Table mountain pine

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Table Mountain pine
Pinus pungens
Pinus pungens.jpg
Cultivated specimen
Morton Arboretum acc. 255-86-3
Scientific classification edit
Kingdom: Plantae
Clade: Tracheophytes
Division: Pinophyta
Class: Pinopsida
Order: Pinales
Family: Pinaceae
Genus: Pinus
Subgenus: P. subg. Pinus
Section: P. sect. Trifoliae
Subsection: P. subsect. Australes
P. pungens
Binomial name
Pinus pungens
Pinus pungens distribution map.png
Natural range

Table Mountain pine,[2] Pinus pungens, also called hickory pine, prickly pine,[2] or mountain pine,[3] is a small pine native to the Appalachian Mountains in the United States.


Pinus pungens is a tree of modest size (6–12 m), and has a rounded, irregular shape. The needles are in bundles of two, occasionally three, yellow-green to mid green, fairly stout, and 4–7 cm long. The pollen is released early compared to other pines in the area to minimize hybridization. The cones are very short-stalked (almost sessile), ovoid, pale pinkish to yellowish buff, and 4–9 cm long; each scale bears a stout, sharp spine 4–10 mm long. Sapling trees can bear cones in a little as 5 years.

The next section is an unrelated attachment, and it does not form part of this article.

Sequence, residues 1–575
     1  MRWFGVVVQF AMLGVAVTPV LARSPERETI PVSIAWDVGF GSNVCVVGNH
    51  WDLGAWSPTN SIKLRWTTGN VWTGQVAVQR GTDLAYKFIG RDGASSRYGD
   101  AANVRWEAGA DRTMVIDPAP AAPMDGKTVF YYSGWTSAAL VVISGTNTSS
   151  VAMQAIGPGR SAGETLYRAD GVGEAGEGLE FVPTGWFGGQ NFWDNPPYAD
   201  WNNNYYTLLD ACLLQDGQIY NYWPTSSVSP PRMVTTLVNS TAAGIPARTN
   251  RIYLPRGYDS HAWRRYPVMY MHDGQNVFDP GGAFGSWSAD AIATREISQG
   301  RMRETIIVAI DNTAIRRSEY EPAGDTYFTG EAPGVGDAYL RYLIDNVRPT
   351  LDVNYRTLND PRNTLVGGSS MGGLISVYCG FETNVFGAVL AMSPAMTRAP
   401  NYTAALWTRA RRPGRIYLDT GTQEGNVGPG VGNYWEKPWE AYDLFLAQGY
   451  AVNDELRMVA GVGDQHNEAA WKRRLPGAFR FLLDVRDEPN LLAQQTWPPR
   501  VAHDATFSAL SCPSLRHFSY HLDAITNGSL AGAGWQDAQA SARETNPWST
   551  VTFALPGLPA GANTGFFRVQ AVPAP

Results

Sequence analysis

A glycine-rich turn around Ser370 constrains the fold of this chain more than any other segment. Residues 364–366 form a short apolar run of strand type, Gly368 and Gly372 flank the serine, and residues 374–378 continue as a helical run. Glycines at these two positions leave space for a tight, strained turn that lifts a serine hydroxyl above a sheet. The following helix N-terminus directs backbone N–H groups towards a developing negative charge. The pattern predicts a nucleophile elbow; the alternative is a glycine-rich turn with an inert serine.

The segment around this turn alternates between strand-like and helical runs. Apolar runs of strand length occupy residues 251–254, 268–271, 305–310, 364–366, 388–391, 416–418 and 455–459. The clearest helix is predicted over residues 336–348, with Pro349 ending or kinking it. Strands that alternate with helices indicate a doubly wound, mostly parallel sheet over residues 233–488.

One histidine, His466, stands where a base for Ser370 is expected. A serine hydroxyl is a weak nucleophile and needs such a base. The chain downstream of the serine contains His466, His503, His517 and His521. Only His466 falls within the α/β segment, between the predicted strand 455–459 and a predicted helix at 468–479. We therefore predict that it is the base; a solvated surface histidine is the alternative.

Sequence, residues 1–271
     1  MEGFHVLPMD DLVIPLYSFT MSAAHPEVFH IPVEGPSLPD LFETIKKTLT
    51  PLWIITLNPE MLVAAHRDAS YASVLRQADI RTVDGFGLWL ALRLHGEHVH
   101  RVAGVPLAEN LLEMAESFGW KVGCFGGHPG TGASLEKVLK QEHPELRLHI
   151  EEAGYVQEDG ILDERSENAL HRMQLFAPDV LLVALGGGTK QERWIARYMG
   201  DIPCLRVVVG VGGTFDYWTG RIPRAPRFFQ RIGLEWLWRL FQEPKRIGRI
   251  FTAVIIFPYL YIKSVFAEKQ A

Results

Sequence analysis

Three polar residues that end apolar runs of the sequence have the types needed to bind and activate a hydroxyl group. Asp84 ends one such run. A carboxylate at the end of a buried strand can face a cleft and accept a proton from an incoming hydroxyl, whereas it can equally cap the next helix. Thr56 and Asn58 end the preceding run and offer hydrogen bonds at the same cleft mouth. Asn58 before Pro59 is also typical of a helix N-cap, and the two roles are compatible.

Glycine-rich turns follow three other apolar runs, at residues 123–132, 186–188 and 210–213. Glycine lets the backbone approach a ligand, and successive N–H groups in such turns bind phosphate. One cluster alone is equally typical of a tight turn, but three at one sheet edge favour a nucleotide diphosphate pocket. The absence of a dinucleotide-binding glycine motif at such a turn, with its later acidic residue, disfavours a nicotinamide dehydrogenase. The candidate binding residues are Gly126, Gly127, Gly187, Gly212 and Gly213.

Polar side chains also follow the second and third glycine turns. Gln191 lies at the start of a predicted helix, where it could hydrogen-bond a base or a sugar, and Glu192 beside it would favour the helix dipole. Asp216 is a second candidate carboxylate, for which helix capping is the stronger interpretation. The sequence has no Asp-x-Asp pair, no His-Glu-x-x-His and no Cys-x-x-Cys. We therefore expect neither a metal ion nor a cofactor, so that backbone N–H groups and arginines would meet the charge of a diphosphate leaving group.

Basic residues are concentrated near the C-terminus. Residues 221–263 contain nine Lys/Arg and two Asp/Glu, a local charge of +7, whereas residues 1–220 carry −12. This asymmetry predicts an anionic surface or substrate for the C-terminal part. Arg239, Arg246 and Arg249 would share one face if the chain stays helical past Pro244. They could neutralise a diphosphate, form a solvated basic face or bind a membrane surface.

Buds ovoid to cylindric, red-brown, 0.6-0.9 cm, resinous.[4]


This pine prefers dry conditions and is mostly found on rocky slopes, preferring higher elevations, from 300–1760 m altitude. It commonly grows as single scattered trees or small groves, not in large forests like most other pines, and needs periodic disturbances for seedling establishment.

In culture

Pinus pungens is the Lonesome Pine of the 1908 novel The Trail of the Lonesome Pine by John Fox, and popularised in the Laurel and Hardy film Way out West:

On the Blue Ridge Mountains of Virginia
On the Trail of the Lonesome Pine

Several "Lonesome Pine" hiking trails have been waymarked in the Blue Ridge Mountains and elsewhere in the Appalachians.


  1. ^ Farjon, A. (2013). "Pinus pungens". IUCN Red List of Threatened Species. 2013: e.T42406A2977840. doi:10.2305/IUCN.UK.2013-1.RLTS.T42406A2977840.en.
  2. ^ a b "Pinus pungens". Germplasm Resources Information Network (GRIN). Agricultural Research Service (ARS), United States Department of Agriculture (USDA). Retrieved 4 January 2018.
  3. ^ Moore, Gerry; Kershner, Bruce; Craig Tufts; Daniel Mathews; Gil Nelson; Spellenberg, Richard; Thieret, John W.; Terry Purinton; Block, Andrew (2008). National Wildlife Federation Field Guide to Trees of North America. New York: Sterling. p. 71. ISBN 1-4027-3875-7.
  4. ^ "Pinus pungens (Table Mountain pine) description - The Gymnosperm Database". Retrieved 2019-06-11.
  • Farjon, A. & Frankis, M. P. (2002). Pinus pungens. Curtis's Botanical Magazine 19: 97-103.

External links

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